CG Day feels familiar no matter the place
By Kristi Langenbacher
Sunday, August 13, 2017
Last week, Coast Guard units around the country celebrated the Coast Guard’s 227th birthday. We enjoyed the celebration at my husband’s new unit in Northern California, but missed the familiarity of the event in Elizabeth City. We’ve attended the festivities at Base Elizabeth City six times and at various other stations over the past 20 years.
Each year bases around the country celebrate Aug. 4 as Coast Guard Day, marking the date on which the Tariff Act of 1790 authorized the building of 10 cutters to assist in the collection of tariffs. The act was suggested by Alexander Hamilton, and the cutters composed what became the Revenue Cutter Service – renamed the Coast Guard in 1915.
Coast Guard men and women around the country come together with their families, friends and those who support them to celebrate the service each year. Events typically include food, sports, games, inflatables, a dunk tank, informational booths and music. Every event has its own feel, from a small-town picnic to a bustling carnival-like atmosphere, and our family has taken part in many types of celebrations.
After just moving from North Carolina to California, we noticed some differences between the two places and to others where we have been stationed. In Elizabeth City, we have always enjoyed the attendance of local dignitaries and other community volunteers who show up to help and show their support for the Coast Guard community.
Having attended the celebration at both bases in years past, we felt a sense of familiarity in California, but not in the small-town way we did in North Carolina. The Alameda event included similar features as the event in Elizabeth City, but also had a zip line, a Coast Guard Enlisted Association Barbecue competition and about a dozen food trucks.
I thought back to years ago when Elizabeth City’s event was coordinated and run by active duty Coast Guard members and their families. The members operated the grills and prepared and served the food to fellow members and their families.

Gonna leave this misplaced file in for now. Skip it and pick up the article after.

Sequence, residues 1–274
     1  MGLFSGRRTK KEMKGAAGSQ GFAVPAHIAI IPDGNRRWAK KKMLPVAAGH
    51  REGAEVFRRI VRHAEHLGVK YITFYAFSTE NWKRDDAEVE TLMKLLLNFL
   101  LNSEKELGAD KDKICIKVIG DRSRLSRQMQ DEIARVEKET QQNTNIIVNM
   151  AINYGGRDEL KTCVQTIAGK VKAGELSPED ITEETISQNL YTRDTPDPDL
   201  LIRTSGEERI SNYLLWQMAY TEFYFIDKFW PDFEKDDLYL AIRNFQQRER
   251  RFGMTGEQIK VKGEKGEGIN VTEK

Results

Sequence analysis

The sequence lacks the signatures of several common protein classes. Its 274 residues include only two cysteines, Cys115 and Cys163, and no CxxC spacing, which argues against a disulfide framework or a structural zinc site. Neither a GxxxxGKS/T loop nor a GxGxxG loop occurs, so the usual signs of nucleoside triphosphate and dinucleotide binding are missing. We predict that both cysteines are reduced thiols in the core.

It was quite a relief when in 2007, the event was catered, and catering staff members joined civilian volunteers from the community in serving the food.
Since then, it has become a tradition for civic leaders and local business and community members to volunteer at the Elizabeth City event so that Coast Guard members can enjoy the day with their families.
Like Elizabeth City, Alameda is one of 21 cities throughout the nation designated by Congress as a Coast Guard City. The status recognizes the outstanding support the communities provide to Coast Guard personnel and their families and the partnership between the Coast Guard and each city. Alameda received the designation in 2006, and was the sixth city to receive the distinction.
Elizabeth City was honored with the status in 2015, the same year Carteret County, N.C. received the designation.
And, like Elizabeth City’s Coast Guard Base, Coast Guard Island in Alameda is home to several commands including the Pacific Area Command, the Eleventh Coast Guard District, three Coast Guard cutters and Coast Guard Base Alameda.
Although we found ourselves on different coasts from one year to the next, we appreciated the familiarity and the camaraderie at each Coast Guard Day celebration, and enjoyed the opportunity to come together with others to celebrate the service which is so much a part of our lives.
Kristi Langenbacher is a Coast Guard spouse and writes about military family life.